Le 27/11/2011 00:53, Jean Weber a écrit :
Yes, though other contributors have some rights. I'm a bit fuzzy on the details of precisely what
the rights of the other contributors are. I've always considered that all are equal shareholders,
so to speak, but technically it's more complicated.
This determination is very much dependent on the national copyright law
and caselaw applicable to the authors, and whether or not the work is
seen as a "collective work" (sum of parts indistinguishable from the
whole) or a "collaborative work" (individually authored parts
distinguishable and identifiable).
Why can't the few of us who contribute to the Base documents
seemingly should be considered to be the holders of the Base document
copyrights agree to change the licenses under which these documents are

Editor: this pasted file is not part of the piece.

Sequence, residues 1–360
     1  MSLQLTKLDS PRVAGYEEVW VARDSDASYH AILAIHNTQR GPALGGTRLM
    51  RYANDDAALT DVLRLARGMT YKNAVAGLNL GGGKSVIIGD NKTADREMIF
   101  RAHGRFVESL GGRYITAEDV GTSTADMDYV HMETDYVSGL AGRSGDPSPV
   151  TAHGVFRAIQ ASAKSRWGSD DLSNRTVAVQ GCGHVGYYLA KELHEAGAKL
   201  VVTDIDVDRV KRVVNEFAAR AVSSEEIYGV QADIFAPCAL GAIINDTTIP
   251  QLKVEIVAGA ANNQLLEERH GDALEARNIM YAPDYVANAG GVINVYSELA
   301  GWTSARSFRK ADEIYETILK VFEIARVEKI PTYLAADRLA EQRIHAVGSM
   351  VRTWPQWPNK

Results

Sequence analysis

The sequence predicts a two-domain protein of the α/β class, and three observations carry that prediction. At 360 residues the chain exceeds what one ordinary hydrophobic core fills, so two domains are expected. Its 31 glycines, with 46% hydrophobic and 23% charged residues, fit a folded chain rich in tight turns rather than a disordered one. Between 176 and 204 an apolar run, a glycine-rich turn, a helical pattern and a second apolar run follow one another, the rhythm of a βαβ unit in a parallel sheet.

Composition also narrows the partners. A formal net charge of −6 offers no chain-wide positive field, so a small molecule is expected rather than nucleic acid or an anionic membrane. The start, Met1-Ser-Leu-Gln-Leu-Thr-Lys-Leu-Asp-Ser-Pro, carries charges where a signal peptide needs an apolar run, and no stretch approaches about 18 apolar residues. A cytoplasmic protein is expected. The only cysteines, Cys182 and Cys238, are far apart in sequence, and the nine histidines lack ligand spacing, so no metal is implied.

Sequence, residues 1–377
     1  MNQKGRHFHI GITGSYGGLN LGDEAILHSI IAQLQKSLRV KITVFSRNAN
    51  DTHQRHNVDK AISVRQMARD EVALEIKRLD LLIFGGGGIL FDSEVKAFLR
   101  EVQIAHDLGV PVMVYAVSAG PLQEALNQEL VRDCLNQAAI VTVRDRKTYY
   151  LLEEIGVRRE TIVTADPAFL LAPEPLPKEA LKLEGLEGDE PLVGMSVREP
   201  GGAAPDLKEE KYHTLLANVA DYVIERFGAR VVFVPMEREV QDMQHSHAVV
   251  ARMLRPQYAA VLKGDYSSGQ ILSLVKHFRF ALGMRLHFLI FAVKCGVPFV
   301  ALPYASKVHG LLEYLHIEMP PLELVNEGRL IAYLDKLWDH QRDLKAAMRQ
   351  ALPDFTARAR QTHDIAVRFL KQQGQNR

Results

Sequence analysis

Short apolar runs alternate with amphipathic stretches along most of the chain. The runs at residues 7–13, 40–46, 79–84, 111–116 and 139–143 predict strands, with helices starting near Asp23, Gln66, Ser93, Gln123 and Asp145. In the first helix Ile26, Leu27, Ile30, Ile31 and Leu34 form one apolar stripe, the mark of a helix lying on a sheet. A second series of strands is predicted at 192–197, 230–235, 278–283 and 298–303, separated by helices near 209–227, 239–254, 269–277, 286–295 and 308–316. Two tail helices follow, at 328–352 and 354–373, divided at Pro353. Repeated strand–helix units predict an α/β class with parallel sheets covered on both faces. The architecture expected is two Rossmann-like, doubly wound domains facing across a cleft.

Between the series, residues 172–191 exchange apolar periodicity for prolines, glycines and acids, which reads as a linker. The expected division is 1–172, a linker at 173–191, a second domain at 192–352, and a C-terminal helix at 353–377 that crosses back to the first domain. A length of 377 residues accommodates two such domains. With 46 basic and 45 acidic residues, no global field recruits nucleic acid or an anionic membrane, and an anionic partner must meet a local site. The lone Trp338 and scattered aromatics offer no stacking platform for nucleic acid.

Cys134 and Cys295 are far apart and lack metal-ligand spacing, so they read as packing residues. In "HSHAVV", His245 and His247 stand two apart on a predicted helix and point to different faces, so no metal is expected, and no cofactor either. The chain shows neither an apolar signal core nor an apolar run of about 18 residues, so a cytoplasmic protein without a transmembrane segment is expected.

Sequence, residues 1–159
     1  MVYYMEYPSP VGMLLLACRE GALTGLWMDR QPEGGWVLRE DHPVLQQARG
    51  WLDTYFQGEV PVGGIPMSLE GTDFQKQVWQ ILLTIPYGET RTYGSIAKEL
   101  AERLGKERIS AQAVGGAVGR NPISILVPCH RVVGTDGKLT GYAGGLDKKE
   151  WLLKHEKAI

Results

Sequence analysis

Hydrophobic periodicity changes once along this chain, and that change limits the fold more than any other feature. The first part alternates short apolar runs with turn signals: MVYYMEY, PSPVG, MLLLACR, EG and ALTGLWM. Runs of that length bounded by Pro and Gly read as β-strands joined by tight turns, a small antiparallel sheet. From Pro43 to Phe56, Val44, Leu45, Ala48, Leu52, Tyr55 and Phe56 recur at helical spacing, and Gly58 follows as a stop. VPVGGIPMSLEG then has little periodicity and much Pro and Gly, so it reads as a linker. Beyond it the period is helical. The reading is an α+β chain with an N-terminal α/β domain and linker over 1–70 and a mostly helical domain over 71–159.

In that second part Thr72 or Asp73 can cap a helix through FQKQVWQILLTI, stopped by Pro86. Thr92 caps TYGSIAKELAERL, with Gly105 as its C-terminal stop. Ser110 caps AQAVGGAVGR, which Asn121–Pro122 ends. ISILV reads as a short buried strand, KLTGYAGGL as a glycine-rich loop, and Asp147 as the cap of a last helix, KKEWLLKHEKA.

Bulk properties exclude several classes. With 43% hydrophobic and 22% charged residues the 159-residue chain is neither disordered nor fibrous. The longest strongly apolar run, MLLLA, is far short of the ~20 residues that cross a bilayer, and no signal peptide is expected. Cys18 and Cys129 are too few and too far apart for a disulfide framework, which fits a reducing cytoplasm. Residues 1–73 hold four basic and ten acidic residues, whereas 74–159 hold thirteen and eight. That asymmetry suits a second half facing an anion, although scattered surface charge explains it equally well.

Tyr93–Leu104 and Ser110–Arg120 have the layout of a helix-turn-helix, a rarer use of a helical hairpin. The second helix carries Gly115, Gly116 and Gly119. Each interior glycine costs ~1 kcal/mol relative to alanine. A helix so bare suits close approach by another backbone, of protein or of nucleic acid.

copyrighted? Isn't this within our rights?
You can. It is within your rights. That's why I suggested making the change.
Absolutely. I might however remind people that if they are employees,
then they should also check out their national copyright laws and work
employment contracts in relation to employee works (in some territories
known as "works for hire") because some jurisdictions have stipulated
that the copyrights in software/program documentation are by default the
property of the employee's respective employer (and therefore, the
employee is not free to license the work as he/she wishes).
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